Exclusive: India expecting double-digit medals tally at Olympics, says Batra

Indian badminton star PV Sindhu won the silver medal at the 2016 Rio Olympics. (AFP)
Indian badminton star PV Sindhu won the silver medal at the 2016 Rio Olympics. (AFP)

Dubai - Boxers, shooters and shuttlers are India’s brightest medal prospects



by

Rituraj Borkakoty

Published: Tue 22 Jun 2021, 9:46 PM

Dr Narinder Dhruv Batra, president of the Indian Olympic Association, is brimming with confidence ahead of the Tokyo Olympics.

Boxers, shooters and shuttlers are India’s brightest medal prospects, but Batra backed each and every Indian athlete to give their best and return with their best-ever Summer Games medals tally.

India’s best-ever Olympics performance came at the 2012 London Games when they won two silver and four bronze medals.

But Batra says Tokyo 2020 (July 23-August 8) could see India return with a double-digit medals tally.

In an exclusive interview with Khaleej Times, Batra also opened up on vaccination drive before the Games and why Tokyo’s stricter quarantine rules for athletes from India and 10 other countries are unfair.

Q. The Games were originally scheduled for July-August last year. It’s finally starting next month after a year-long delay due to the Covid-19. How challenging was it to prepare for the delayed Olympics in these unprecedented circumstances?

The difficult period, I would say, was last year in April and May when the pandemic started. It was something new for everyone. So we set the new protocols and new system. From June 2020 until now, everything has been smooth, whatever the problem we had, we handled it. The training for athletes, I would say, has not been affected at all, except for that period (April and May, last year). It’s been smooth for us now.

Q. The Tokyo Olympics will be a whole new experience for all athletes, with more 10,000 people in Games Village where every one has to be in a bubble, following strict protocols...

Yes, for an Olympics, it’s the first experience. They (athletes) will be restricted to the village, or the practice venue or the Games venue. These are unprecedented times and unprecedented decisions. I think everyone has to get adjusted to it and it’s going to be a level playing field for everyone. You have to just stay in the village and go to your venue and come back. But it’s going to be same for everyone.

Dr Narinder Dhruv Batra, president of the Indian Olympic Association.  (AFP file)
Dr Narinder Dhruv Batra, president of the Indian Olympic Association. (AFP file)

Q. Have all the Olympic-bound Indian athletes and officials been vaccinated?

I would say 90 per cent of the athletes and officials have been double vaccinated till now. There was some delay because some of them had Covid and, you know, they had to wait for two or three weeks to take the shot. So I think by first week of July, all our athletes and officials will be double vaccinated. That would be done, 100 per cent.

Q. The Olympic organisers have imposed stricter quarantine rules for athletes from India and 10 other countries after their arrival in Tokyo. For the first three days, they cannot interact or train with other athletes from other teams. They also need to take Covid test everyday in the first week. Is it going to disturb the preparations of Indian athletes?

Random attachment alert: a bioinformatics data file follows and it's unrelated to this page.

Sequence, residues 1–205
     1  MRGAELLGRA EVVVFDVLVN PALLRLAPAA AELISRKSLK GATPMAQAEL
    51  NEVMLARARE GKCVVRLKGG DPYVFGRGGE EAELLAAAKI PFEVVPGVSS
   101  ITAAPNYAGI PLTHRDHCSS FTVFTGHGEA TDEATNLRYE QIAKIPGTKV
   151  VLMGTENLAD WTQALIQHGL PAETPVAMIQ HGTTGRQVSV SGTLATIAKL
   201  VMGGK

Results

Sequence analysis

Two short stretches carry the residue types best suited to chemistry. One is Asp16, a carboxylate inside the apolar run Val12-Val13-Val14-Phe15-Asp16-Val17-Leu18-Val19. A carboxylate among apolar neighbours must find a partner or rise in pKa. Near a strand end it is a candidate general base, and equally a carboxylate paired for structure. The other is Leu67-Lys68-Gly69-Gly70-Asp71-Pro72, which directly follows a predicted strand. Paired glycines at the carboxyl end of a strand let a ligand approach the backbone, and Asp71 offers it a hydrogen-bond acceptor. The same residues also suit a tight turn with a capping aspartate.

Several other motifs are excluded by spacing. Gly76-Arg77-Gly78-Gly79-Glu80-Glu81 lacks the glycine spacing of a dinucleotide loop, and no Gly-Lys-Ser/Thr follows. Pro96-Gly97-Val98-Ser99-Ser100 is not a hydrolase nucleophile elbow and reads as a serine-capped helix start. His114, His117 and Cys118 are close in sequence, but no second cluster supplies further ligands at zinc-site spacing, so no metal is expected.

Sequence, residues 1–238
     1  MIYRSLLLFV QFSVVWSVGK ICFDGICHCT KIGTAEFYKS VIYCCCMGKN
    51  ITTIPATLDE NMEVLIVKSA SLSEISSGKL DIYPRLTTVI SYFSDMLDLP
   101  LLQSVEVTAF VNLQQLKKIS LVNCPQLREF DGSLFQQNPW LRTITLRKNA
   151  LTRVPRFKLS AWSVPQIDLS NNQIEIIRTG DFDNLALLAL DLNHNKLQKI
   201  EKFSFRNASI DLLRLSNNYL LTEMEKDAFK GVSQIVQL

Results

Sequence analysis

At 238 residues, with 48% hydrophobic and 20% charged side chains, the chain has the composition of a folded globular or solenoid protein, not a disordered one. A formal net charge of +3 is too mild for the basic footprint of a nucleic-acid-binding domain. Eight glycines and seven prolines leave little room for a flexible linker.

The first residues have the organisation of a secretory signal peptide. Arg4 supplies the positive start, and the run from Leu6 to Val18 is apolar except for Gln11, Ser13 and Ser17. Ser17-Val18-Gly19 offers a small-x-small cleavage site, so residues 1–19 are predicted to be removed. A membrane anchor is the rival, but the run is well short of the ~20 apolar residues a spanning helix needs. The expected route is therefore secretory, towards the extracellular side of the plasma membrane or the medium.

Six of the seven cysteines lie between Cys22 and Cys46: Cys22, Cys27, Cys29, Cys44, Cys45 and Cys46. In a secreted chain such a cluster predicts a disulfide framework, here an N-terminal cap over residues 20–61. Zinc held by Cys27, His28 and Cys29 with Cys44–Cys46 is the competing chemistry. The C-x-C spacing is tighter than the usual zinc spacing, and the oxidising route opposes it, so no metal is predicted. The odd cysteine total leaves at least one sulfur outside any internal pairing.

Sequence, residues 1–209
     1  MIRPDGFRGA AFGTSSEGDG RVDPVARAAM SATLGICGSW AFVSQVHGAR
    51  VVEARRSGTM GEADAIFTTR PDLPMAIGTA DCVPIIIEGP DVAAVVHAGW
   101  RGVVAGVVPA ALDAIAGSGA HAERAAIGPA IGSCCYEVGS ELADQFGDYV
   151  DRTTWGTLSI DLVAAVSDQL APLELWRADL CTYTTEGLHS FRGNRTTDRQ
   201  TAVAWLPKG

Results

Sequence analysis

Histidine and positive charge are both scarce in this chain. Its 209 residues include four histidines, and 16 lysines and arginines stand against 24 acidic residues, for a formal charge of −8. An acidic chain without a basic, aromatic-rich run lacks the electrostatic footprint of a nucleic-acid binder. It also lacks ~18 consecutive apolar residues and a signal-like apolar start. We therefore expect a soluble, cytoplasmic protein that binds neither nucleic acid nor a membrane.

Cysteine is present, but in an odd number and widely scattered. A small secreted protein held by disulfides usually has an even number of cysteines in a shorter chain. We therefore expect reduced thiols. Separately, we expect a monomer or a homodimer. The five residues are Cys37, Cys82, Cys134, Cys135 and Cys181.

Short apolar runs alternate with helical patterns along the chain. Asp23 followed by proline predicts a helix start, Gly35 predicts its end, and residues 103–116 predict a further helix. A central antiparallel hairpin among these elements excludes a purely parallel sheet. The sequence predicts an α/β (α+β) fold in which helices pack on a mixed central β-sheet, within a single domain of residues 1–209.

Look, this is the time for athletes to go towards their peak mode as they are aiming to give their best performance. And putting a three-day hurdle in that, I would say, is not good for the athletes. I don’t know why India and 10 other countries have been singled out when every other country goes through the normal process. So that’s why I have said that it’s very unfair on Indian athletes who will be going through this process because the Indian athletes are already playing/training in bio-bubbles. They have been double vaccinated. So I don’t understand the problem. Why single out these people? They will not be allowed to interact with other athletes. The grounds are never empty, so where will they go to play or train? India have qualified for 17 for 18 different sports. So the grounds are never going to be empty. I find these decisions a bit unfair and harsh for Indian athletes.

Q. You have already written to the Tokyo organisers, expressing these concerns. Are they reconsidering their decision?

They sent us a reply that they were discussing and they would get back to us. But there has been nothing so far.

Q. In terms of medals, what’s your expectations from the Indian athletes in Tokyo. India have strong shooting and boxing teams as well as reigning world badminton champion PV Sindhu who also won the silver medal at the Tokyo Olympics...

I have always maintained that we would be looking at double-digit medals tally. So I will not single out anyone. I would say I have big expectations from the entire Indian contingent, which is about 120-130 athletes. So we are hoping for a double-digit medals tally. For me every athlete that is going to the Olympics is the best.


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